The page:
Medical Center Health System: Tony Ruiz, COO

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Medical Center Health System in Odessa, Texas, grew out of Medical Center Hospital. Originally an 85-bed facility, MCH has grown to become a 362-bed facility that has been servicing the people of Permian Basin for over 60 years. In a few short months, they will be expanding into a 422-bed facility and primary referral center for 17 West Texas counties.

While West Texas is large geographically, Tony Ruiz, COO of MCHS, said that other than the twin cities of Odessa and Midland, the population is sparse, making MCH’s, and with it the system’s, accomplishments and ambitions even more impressive.

Last year, for example, they received a little over 13,600 admissions and just under 50,000 emergency-room visits. The facility houses 15 operating rooms and 1700 employees. Their annual net revenue is approximately $250-million with their gross revenue being in the $650-million range. Their trauma center has achieved Level-III status and is currently under review to become a Level-II later this year.

The organization itself is affiliated with Texas Tech University Health Sciences Center. There are 55 residents within the hospital who are working in three different residency areas–OB/GYN, family practice, and internal medicine. MCHS has also achieved fellowships in both hospitalist and geriatric medicine.

Onward and upward

Currently, MCHS is constructing a $42-million, 100,000 sq.-ft. addition to their facility that will serve as the Center for Women and Infants and will open in January 2012. It will feature 12 labor and delivery rooms, 30 private postpartum rooms, 20 newborn nursery beds, 30 private neonatal intensive-care rooms, three state-of-the-art cesarean-section suites, and an advanced infant-security system.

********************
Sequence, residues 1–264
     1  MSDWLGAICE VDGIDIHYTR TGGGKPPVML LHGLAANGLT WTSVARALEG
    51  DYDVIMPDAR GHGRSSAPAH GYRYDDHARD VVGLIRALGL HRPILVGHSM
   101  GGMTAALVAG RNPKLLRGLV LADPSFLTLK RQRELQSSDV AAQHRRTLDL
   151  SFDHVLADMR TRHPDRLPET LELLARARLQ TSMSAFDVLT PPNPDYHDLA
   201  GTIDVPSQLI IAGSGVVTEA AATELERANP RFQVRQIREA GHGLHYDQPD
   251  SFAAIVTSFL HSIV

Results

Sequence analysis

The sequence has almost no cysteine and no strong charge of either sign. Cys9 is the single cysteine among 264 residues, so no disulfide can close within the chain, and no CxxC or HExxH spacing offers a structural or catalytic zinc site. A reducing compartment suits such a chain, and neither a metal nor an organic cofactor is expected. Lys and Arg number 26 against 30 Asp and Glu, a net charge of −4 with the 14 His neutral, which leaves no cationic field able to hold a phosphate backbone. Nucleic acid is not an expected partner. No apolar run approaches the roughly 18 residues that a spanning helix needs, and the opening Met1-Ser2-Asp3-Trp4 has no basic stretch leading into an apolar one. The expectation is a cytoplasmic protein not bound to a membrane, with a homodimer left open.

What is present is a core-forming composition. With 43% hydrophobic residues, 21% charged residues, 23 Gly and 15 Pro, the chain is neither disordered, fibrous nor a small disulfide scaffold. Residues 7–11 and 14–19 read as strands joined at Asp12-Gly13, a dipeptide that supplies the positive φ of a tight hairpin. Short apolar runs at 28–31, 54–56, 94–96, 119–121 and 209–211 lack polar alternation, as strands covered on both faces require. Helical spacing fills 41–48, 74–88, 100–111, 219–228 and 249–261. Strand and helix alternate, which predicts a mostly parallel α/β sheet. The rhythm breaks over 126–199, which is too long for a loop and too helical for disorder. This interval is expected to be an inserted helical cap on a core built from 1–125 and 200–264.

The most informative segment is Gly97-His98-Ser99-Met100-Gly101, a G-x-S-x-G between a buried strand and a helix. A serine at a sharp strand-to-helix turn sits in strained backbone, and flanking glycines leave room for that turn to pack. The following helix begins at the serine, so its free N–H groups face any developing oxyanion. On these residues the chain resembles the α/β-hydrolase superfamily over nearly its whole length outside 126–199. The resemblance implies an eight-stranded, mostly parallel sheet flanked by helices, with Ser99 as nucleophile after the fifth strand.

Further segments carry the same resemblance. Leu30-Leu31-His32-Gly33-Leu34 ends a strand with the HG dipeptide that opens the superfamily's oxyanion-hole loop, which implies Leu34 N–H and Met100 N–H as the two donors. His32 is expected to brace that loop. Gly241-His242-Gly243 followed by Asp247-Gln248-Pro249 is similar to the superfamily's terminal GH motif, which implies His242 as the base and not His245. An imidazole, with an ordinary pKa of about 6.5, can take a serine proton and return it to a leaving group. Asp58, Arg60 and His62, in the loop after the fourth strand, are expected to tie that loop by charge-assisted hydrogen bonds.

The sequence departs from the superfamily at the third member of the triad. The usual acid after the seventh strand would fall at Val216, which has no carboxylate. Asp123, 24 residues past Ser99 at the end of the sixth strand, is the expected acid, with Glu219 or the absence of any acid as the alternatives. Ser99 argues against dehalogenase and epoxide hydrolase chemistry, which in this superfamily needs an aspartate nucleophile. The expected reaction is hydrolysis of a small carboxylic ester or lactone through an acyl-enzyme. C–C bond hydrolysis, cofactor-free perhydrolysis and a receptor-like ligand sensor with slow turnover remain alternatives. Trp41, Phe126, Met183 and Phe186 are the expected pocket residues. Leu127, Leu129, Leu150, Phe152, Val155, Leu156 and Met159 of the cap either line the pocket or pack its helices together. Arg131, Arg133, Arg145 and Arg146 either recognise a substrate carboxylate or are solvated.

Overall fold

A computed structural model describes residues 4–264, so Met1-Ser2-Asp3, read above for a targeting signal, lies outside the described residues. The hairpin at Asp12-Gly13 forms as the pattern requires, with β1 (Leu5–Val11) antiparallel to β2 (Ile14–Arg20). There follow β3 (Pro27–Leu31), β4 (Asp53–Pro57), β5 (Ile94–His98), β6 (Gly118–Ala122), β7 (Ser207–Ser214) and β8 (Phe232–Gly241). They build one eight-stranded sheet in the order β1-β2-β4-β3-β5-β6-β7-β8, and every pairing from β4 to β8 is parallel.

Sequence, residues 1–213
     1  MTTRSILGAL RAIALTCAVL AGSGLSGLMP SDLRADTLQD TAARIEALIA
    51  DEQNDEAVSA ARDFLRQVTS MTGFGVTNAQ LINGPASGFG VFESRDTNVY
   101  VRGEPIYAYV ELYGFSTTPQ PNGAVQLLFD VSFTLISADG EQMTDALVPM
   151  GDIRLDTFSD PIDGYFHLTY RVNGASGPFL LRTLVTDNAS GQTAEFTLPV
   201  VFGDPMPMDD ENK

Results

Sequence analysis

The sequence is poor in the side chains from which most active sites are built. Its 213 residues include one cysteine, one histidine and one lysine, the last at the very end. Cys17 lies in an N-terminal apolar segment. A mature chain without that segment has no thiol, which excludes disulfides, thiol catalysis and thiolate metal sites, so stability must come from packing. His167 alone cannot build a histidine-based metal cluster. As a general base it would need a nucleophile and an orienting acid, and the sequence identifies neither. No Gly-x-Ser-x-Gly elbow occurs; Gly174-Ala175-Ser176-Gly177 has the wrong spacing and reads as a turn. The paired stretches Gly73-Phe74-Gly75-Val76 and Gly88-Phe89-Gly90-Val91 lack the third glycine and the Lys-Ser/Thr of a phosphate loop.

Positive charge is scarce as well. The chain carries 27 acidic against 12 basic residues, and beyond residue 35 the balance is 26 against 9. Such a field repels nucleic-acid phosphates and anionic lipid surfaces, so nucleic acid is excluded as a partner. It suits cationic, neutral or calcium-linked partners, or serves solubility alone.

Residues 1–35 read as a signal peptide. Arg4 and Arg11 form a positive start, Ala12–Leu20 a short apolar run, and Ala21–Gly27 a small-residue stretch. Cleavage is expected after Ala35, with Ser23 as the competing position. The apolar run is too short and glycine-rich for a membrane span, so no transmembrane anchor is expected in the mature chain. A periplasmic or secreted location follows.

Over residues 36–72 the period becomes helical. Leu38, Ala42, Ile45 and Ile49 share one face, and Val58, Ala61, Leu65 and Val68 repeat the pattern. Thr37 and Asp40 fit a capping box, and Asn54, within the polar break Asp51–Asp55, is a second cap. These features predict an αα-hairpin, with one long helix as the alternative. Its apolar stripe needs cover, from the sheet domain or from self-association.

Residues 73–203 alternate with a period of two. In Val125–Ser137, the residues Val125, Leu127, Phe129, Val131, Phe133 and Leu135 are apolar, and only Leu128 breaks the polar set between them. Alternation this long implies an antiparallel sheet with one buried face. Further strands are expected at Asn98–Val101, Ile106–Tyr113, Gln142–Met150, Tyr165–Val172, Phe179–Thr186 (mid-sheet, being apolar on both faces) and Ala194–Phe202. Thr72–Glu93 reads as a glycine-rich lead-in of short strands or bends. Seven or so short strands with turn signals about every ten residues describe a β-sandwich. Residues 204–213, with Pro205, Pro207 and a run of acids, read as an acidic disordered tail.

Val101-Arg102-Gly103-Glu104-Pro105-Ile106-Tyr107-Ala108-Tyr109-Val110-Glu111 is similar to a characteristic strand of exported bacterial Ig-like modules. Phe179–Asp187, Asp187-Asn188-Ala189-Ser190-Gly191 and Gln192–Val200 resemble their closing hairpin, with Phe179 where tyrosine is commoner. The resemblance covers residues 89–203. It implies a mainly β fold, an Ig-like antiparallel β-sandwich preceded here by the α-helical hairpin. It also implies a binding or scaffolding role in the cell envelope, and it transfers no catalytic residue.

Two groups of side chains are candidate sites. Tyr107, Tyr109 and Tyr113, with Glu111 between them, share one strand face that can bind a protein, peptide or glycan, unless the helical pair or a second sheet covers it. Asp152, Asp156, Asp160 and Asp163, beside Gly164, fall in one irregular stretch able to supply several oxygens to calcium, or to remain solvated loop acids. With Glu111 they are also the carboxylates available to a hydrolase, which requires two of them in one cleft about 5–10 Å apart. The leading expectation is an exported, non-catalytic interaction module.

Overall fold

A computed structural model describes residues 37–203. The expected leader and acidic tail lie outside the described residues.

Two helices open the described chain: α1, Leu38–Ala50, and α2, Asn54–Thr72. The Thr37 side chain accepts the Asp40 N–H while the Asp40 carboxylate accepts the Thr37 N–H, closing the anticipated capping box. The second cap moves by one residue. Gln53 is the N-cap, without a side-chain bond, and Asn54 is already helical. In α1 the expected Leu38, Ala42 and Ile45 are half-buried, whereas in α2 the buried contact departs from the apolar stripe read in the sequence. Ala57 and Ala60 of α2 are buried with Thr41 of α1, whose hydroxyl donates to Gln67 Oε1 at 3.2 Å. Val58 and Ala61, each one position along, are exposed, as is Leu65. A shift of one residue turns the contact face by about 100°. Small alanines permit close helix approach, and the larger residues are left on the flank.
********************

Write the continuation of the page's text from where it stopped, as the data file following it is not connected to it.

Their $16-million Center for Health and Wellness, also recently constructed, will offer pre-delivery and post-partum exercise classes in its Mission Fitness division. As part of this center, MCHS is offering a program that is devoted to transitional healthcare needs with a special focus on cardiac-rehab and physical-rehab patients. This fitness facility opened in October 2010 and specialized in getting people more involved in developing an overall healthier lifestyle, rather than the typical weightlifting programs.

Also incorporated into this building are cardiac-rehab and urgent-care facilities, a diabetes center, and a sports medicine, lab, and imaging area along with physician office space on the second floor.

“A lot of it is geared towards the after-care and preventive-care model that you’re seeing go across the nation,” Ruiz said.

Facing uncertainty with confidence

Like any organization facing the fickle future of healthcare, MCHS is bracing itself to confront the unexpected. Ruiz cited the growing self-pay population of indigent care as a primary challenge, along with healthcare reform.

“No one knows what that will turn into or morph into,” he said.

The system is working on building flexibility into its resources so it can efficiently adapt to future technological changes. Also, Ruiz said they are seeking to adapt a more outcomes-based, quality-based formula for the hospital’s operations.

Of course, increased competition from physician-owned hospitals poses another challenge for MCHS. Over the last seven years, two new physician-owned hospitals have started up in the region, which essentially is a fairly small community of 100,000 people.

MCHS is also facing the common, but no less important, challenges of federal and state budget cuts, decline in reimbursements, communication, and physician engagement

Ruiz is adamant, though, that the system maintains its focus.